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The political tug-of-war in Sri Lanka is cockeyed and absurd


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  • Only Ranil talks of economic goals

 

The electorate has to crowd around these useless and headless blokes and swell their meetings in order to collect the morsels of food and drink and dole-outs from the ill-gotten money of the political class that rules.

Cry of dooshanaya

The discourse is: “dooshanaya! dooshanaya!dooshanaya!” What a bloody harangue! It bores me to anything short of death. Maithripala Sirisena has nothing to pronounce except cry, “dooshanaya”. He is the new swordsman against dooshanaya and he talks as though dooshanaya is something new in his four decades of political experience and, therefore, intolerable.

The JVP cannot be a Third Force as long as it talks only about dooshanaya; it cannot offer any positive program for the economic upliftment of the country. Its vast energy wasted for the dooshanaya critique only goes to help one of the two competing mainstream parties to garner more votes against the other. This is the crisis of the JVP. 

Of course, the experts at dooshanaya – the Rajapaksa clan – is also vociferously attacking the ruling party of this disease and comically trying to wash their hands off their 10-year-old dooshanaya circus.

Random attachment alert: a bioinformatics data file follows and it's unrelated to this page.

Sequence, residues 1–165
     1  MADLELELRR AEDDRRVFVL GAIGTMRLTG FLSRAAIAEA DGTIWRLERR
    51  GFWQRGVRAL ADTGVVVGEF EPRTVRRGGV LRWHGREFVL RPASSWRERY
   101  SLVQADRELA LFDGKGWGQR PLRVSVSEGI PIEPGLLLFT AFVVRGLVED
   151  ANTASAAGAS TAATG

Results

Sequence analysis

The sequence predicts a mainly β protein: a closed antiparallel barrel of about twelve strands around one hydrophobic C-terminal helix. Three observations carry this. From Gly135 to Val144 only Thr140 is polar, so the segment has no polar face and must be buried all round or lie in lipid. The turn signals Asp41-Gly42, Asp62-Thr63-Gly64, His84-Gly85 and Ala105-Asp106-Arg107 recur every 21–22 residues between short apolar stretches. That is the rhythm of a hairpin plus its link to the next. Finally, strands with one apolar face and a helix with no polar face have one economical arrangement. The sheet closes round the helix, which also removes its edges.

This whole issue has been bloated out of proportion, because as far as the masses are concerned, what they want is bread on their plate; jobs; schools for their kids; solving Colombo’s impossible traffic problem; efficient public transport; scavenging by the local bodies; saving lives from dengue and so on. They wouldn’t care how these public goods come to their door-through corruption or not.

Irrelevant political class 

This is the outcome when a whole political class of a country walks and talks in a realm of reality different and irrelevant to the needs of the people. The electorate has to crowd around these useless and headless blokes and swell their meetings in order to collect the morsels of food and drink and dole-outs from the ill-gotten money of the political class. 

Politicians are absorbed with the power struggle: how to jump here or there or how to lie for personal advantage. Listening to their blatant lying and tongue-twisting it seems clear that the era of untruth prevails in Lanka, too. In social media, videos are going viral of speeches by politicians like SB, Dilan and Dayasiri during the last presidential election. How they slandered the current President in favour of Mahinda Rajapaksa. Now they are in Sirisena’s lap-safe and cosy!